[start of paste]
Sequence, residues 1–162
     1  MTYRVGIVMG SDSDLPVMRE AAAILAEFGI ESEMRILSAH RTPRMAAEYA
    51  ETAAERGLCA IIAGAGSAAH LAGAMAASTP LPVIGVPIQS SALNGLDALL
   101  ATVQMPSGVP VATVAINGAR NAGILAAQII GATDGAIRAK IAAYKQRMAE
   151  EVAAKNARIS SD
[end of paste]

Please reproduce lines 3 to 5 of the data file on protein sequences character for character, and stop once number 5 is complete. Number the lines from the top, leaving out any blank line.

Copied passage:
    51  ETAAERGLCA IIAGAGSAAH LAGAMAASTP LPVIGVPIQS SALNGLDALL
   101  ATVQMPSGVP VATVAINGAR NAGILAAQII GATDGAIRAK IAAYKQRMAE
   151  EVAAKNARIS SD